When my husband and I decided to live more liturgically our first question was where to start!? There are so many rich traditions in the world-wide Mother Church that it was overwhelming at first to suddenly add all this history, planning, and spirituality to our daily life. We decided to pick one aspect and “test it out” for a few months to see how it fit into our busy lives. Since I love the saints and their stories I decided to start there. We made a list of saints we especially love and the list has grown exponentially since then!
One of our favorite saints on this list is Joseph of Cupertino, also known as the Flying Friar. No, he’s not our patron saint, and although we travel and fly a lot we had never prayed for his intercession before. He’s special to us for an entirely different reason: competition.
When visiting art museums my husband and I play this game called “Name that Saint.” Basically, we look at a painting and try to beat each other in picking out saint attributes and naming them without looking at the museum label. I usually win the game (I have an art history degree with a specialization in medieval saints after all). Five years ago while traveling around Italy, my husband told me he was going to beat me in at least one round of “Name that Saint” because he KNEW there was a painting of a saint at the Uffizi Gallery in Florence that I would not be familiar with. He had done research and studied for months. And he was ready.
As we are walking around the Uffizi Galley he cannot find the painting. We asked and it was not currently on display. It was incredibly ironic and funny but I felt bad for him because he had studied so much for this moment. So we improvised, and pulled up the painting on our phones so he could tell me all about the Flying Friar.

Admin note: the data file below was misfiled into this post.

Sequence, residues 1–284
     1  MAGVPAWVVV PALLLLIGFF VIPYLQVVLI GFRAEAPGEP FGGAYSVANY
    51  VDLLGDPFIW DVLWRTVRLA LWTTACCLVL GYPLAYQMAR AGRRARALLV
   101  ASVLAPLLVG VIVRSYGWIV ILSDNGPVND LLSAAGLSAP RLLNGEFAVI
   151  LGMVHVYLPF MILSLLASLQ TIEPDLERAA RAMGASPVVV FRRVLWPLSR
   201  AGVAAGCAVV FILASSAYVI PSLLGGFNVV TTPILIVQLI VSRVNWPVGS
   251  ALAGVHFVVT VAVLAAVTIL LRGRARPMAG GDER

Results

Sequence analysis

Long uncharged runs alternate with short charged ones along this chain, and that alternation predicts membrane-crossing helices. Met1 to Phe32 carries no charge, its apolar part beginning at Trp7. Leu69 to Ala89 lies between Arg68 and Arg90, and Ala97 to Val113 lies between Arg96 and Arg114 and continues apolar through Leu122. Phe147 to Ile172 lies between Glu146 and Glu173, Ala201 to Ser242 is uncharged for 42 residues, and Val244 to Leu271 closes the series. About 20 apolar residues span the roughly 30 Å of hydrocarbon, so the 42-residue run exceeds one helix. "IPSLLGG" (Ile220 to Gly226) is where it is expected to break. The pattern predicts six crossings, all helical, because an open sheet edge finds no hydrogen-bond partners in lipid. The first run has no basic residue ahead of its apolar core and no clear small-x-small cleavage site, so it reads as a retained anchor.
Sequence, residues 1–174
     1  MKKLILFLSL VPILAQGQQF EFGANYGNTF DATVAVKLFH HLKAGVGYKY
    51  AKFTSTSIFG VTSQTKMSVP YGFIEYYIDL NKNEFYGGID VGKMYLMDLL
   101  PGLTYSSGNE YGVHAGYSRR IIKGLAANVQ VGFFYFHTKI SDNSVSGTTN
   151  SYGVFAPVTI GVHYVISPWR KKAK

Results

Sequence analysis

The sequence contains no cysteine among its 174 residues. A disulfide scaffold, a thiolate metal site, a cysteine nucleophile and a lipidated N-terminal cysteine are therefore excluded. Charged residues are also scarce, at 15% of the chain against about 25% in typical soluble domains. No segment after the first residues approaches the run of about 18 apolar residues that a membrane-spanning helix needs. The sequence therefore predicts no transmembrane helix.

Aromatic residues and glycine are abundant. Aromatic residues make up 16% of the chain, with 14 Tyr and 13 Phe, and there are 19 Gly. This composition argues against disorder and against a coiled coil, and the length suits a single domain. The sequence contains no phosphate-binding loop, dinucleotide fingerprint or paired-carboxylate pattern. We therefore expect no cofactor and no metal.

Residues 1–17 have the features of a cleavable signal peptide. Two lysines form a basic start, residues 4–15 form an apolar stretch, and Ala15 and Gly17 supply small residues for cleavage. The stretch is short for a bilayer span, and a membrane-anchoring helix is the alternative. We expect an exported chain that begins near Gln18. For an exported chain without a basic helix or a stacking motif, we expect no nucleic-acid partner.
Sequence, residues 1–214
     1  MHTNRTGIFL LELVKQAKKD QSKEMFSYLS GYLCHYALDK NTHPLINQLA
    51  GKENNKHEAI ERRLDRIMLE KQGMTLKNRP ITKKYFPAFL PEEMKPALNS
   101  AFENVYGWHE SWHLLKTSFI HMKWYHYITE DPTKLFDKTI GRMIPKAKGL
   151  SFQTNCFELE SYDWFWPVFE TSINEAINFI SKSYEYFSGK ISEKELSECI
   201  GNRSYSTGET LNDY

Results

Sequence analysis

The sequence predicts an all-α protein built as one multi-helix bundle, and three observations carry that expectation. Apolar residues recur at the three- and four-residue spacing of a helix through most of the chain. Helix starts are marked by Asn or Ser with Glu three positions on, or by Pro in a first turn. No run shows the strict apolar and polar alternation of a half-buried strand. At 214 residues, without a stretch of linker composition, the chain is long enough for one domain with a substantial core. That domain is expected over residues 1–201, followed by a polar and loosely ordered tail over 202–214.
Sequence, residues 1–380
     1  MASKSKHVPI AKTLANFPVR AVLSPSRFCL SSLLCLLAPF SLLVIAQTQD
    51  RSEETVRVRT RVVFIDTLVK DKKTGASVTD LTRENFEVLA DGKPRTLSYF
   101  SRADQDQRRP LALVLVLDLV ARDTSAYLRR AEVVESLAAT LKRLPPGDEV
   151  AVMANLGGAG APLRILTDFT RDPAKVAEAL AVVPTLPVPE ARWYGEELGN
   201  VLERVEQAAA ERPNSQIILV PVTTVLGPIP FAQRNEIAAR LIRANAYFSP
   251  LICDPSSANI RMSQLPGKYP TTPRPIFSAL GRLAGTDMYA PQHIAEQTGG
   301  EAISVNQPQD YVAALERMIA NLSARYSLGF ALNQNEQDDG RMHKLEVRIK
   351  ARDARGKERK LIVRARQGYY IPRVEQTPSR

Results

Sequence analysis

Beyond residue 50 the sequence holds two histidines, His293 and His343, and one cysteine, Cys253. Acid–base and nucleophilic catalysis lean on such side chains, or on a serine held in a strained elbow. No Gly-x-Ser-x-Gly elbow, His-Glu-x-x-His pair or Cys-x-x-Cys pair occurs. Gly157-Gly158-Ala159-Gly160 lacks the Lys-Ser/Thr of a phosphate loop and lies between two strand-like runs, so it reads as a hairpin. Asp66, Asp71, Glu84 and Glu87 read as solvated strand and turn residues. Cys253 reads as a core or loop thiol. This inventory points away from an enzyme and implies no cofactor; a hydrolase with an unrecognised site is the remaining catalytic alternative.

Joseph of Cupertino was born in 1603. His mother was impoverished by the death of his father before he was born so she was forced to give birth to him in a stable. He was plagued with ecstatic visions throughout his life that actually caused him to be dismissed from the Capuchin brotherhood and sent home. He eventually served the Conventual friars in their stables and was admitted into their Order in 1625 and ordained a priest in 1628. His visions became more serious coupled by levitation while saying the Mass. He was eventually confined to his cell when news got out about his miraculous levitation. Joseph of Cupertino was actually condemned by the Inquisition for witchcraft and died of natural causes on September 18, 1663.
So when we made our saint list we knew the Flying Friar HAD to be on it. It served as a reminder of that funny event so many years ago in Italy and as a ode to our love of air travel. But when I googled ways to celebrate his feast day I came up empty handed until my husband thought of a great way to incorporate him into our dinner table: chicken wings. So now I say a little prayer to St. Christopher AND St. Joseph of Cupertino before flying and we each chicken wings every year on his feast day.
Although this isn’t necessarily the most “pious” way to commemorate him, it’s a great way to incorporate the saints, their lives, and intercessions into our daily life around the dinner table.
Jessica Furiosi is a cradle Cuban-American Catholic who lives in Central Florida with her Catholic convert husband of Irish & Italian heritage. They are both pubic high school educators (certainly a unique vocation!) and Jessica currently teaches World History & Humanities. She has a degree from the University of Central Florida in Art History and enjoys traveling across the world to discover its arts, culture, religions, and customs. Jessica has a blog, https://jisforjourney.com/, about their extensive travels and her exploration of world culture through art history and teaching.